In Dallas recently, a client wanted her Great-Aunt’s Ruby Engagement ring appraised. It was (and is) a very attractive piece, with the year “1912″ hand engraved inside the bottom shank. I looked at it for 10 seconds, handed it back to her and said, “I realize this ring has tremendous Sentimental value; you can never replace it. However, it is a Man-made stone and the Intrinsic value is $50 . . . “ To her credit, the first thing she said was “My poor Aunt!” She then asked me if such Rubies existed in the 1900′s. I confirmed that
Man-made Rubies [Flame fusion] have been around since 1860 or before! Needless to say, she did not need an appraisal. Another client in Kansas City had a Colored Stone ring that her mother purchased 50 years prior. After performing numerous gemological tests on it, I determined it was also Man-made. This was different than what the mother was originally told. The client anxiously said to me, ” . . . I’m sorry my mother has already passed because if she were still alive, she’d probably kill someone!” (Meaning the initial sale was made by telling the customer that the stone was real. It wasn’t.)
My feeling is that these people have already suffered enough and that they should not be charged. Neither was. Both imagined that they had expensive family heirlooms. Neither did. Conversely, a gentleman who had zero interest in jewelry was given a bracelet by his family; it was an article that Sotheby’s could easily auction for tens of thousands of dollars. He sat quietly in my Delaware office, totally oblivious while a very needed appraisal was done.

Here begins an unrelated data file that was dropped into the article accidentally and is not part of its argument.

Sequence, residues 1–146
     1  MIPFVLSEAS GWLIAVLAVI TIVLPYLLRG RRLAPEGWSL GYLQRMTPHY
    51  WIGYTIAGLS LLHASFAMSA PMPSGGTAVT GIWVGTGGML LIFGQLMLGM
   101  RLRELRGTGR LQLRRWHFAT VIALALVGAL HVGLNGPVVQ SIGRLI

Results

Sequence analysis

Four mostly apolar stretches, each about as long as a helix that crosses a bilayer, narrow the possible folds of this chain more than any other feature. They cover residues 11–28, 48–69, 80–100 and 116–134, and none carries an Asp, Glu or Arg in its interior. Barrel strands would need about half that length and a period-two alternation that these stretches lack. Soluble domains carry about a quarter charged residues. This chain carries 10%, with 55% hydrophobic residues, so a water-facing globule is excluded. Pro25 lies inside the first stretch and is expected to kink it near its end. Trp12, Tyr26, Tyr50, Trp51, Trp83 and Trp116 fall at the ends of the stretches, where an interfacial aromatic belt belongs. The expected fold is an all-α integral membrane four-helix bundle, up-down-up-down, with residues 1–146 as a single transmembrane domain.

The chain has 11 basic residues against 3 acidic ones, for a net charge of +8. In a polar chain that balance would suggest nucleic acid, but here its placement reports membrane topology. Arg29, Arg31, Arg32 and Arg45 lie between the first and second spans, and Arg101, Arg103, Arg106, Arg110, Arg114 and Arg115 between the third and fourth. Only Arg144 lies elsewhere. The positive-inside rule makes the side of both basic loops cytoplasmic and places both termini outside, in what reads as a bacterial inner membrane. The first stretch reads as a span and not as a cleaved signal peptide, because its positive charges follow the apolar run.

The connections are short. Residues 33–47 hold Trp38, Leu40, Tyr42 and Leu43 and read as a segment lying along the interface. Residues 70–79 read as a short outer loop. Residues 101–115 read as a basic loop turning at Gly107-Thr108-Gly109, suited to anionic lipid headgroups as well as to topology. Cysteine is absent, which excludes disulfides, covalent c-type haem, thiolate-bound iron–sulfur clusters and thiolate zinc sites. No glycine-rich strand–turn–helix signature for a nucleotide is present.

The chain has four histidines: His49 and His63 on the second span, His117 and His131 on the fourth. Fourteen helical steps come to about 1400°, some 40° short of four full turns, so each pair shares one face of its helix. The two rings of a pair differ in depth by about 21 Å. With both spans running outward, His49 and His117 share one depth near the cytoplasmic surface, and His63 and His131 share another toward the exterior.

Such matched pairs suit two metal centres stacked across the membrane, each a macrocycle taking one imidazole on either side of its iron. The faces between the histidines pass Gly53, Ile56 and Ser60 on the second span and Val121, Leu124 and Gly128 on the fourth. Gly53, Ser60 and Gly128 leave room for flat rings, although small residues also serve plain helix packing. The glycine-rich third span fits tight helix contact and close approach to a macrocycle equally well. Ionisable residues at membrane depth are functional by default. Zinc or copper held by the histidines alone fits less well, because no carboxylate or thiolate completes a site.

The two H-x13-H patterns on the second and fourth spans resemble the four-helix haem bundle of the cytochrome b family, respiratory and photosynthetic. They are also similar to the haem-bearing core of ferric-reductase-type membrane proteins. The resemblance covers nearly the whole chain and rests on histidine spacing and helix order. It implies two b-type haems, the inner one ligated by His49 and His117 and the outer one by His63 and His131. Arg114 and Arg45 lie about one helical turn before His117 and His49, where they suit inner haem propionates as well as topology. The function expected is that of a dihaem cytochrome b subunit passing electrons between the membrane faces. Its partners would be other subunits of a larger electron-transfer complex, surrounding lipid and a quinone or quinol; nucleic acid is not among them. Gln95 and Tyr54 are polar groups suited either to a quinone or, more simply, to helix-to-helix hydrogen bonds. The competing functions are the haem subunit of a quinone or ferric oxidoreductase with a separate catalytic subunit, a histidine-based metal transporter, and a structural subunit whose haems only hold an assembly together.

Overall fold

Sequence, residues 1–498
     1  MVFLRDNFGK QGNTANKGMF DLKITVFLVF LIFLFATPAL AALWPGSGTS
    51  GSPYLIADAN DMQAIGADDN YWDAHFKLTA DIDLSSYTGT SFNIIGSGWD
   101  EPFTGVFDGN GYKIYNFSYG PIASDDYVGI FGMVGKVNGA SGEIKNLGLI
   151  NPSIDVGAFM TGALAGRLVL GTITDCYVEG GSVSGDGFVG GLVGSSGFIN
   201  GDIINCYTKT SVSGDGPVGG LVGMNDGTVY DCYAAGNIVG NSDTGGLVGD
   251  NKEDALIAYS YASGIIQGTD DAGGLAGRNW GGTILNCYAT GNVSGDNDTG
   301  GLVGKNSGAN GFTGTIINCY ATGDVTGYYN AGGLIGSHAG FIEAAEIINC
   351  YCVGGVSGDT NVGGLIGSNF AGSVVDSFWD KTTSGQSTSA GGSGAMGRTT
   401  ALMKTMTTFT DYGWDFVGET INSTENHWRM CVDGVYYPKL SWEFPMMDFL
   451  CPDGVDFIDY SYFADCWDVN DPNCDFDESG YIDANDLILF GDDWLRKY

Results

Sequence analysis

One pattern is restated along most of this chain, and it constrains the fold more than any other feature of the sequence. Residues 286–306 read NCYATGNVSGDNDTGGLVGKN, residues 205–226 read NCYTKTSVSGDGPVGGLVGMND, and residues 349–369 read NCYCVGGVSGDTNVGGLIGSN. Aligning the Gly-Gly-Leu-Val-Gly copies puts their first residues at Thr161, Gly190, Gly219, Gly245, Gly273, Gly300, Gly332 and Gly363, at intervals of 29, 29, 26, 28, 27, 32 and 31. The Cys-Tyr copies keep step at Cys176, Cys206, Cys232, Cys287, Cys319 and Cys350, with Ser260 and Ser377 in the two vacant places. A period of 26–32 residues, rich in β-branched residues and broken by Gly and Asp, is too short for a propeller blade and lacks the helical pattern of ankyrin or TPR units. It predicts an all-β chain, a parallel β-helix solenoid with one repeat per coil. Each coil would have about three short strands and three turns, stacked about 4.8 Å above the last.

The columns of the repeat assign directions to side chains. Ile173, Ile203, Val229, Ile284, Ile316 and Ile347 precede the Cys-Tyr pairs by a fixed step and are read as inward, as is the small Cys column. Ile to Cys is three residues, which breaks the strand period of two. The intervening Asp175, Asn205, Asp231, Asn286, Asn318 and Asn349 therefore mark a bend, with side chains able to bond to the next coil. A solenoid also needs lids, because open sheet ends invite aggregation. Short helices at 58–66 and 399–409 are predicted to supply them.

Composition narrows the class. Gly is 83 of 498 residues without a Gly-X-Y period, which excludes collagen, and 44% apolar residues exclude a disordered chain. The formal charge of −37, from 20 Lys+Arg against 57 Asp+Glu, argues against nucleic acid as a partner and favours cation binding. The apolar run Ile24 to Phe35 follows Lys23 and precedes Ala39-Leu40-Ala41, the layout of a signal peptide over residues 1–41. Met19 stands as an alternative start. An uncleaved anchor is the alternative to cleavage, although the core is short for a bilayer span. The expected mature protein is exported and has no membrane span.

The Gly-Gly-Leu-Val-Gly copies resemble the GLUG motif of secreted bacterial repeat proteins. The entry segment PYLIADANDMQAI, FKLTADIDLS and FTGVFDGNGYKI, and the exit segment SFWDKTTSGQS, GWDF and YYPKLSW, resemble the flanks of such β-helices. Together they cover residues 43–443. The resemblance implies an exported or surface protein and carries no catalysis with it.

Why mention these stories? Because often someone is given jewelry that is rumored to be valuable, and it isn’t. Unfortunately, many clients schedule an appraisal for just this purpose. They think that they require a long and involved document, detailing everything about it. They don’t. The piece will never be sold or insured so the owner merely needs a confirmation about its identity-not a long and expensive piece of paper. If, after testing, it is real and somewhat valuable, then an appraiser can perform his or her magic on it. (I lost an account in the Midwest over this issue. I patently feel that many clients are taken advantage of by not knowing what they have. Having to pay for an unnecessary appraisal should not be an accepted manner of doing business!) Paying too much for something unneeded hurts the industry and can ultimately drive away the very clients who really require our appraisal services.